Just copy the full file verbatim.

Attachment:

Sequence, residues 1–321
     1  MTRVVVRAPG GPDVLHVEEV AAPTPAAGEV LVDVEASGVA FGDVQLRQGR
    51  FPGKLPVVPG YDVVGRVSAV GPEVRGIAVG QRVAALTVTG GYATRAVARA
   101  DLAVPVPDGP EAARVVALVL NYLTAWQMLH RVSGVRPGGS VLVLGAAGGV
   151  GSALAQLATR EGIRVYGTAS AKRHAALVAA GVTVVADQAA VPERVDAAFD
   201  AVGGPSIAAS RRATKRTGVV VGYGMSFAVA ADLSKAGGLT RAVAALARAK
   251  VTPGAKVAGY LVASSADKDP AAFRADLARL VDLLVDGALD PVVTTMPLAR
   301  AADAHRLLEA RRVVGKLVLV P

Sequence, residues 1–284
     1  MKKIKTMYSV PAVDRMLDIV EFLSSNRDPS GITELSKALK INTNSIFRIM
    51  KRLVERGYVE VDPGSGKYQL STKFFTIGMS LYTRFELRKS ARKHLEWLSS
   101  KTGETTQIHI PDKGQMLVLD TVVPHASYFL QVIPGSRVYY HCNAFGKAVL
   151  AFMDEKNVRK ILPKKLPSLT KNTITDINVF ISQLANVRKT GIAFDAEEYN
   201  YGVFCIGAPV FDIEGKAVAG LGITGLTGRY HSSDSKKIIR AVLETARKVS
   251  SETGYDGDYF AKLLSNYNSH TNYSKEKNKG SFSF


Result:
Sequence, residues 1–321
     1  MTRVVVRAPG GPDVLHVEEV AAPTPAAGEV LVDVEASGVA FGDVQLRQGR
    51  FPGKLPVVPG YDVVGRVSAV GPEVRGIAVG QRVAALTVTG GYATRAVARA
   101  DLAVPVPDGP EAARVVALVL NYLTAWQMLH RVSGVRPGGS VLVLGAAGGV
   151  GSALAQLATR EGIRVYGTAS AKRHAALVAA GVTVVADQAA VPERVDAAFD
   201  AVGGPSIAAS RRATKRTGVV VGYGMSFAVA ADLSKAGGLT RAVAALARAK
   251  VTPGAKVAGY LVASSADKDP AAFRADLARL VDLLVDGALD PVVTTMPLAR
   301  AADAHRLLEA RRVVGKLVLV P

Sequence, residues 1–284
     1  MKKIKTMYSV PAVDRMLDIV EFLSSNRDPS GITELSKALK INTNSIFRIM
    51  KRLVERGYVE VDPGSGKYQL STKFFTIGMS LYTRFELRKS ARKHLEWLSS
   101  KTGETTQIHI PDKGQMLVLD TVVPHASYFL QVIPGSRVYY HCNAFGKAVL
   151  AFMDEKNVRK ILPKKLPSLT KNTITDINVF ISQLANVRKT GIAFDAEEYN
   201  YGVFCIGAPV FDIEGKAVAG LGITGLTGRY HSSDSKKIIR AVLETARKVS
   251  SETGYDGDYF AKLLSNYNSH TNYSKEKNKG SFSF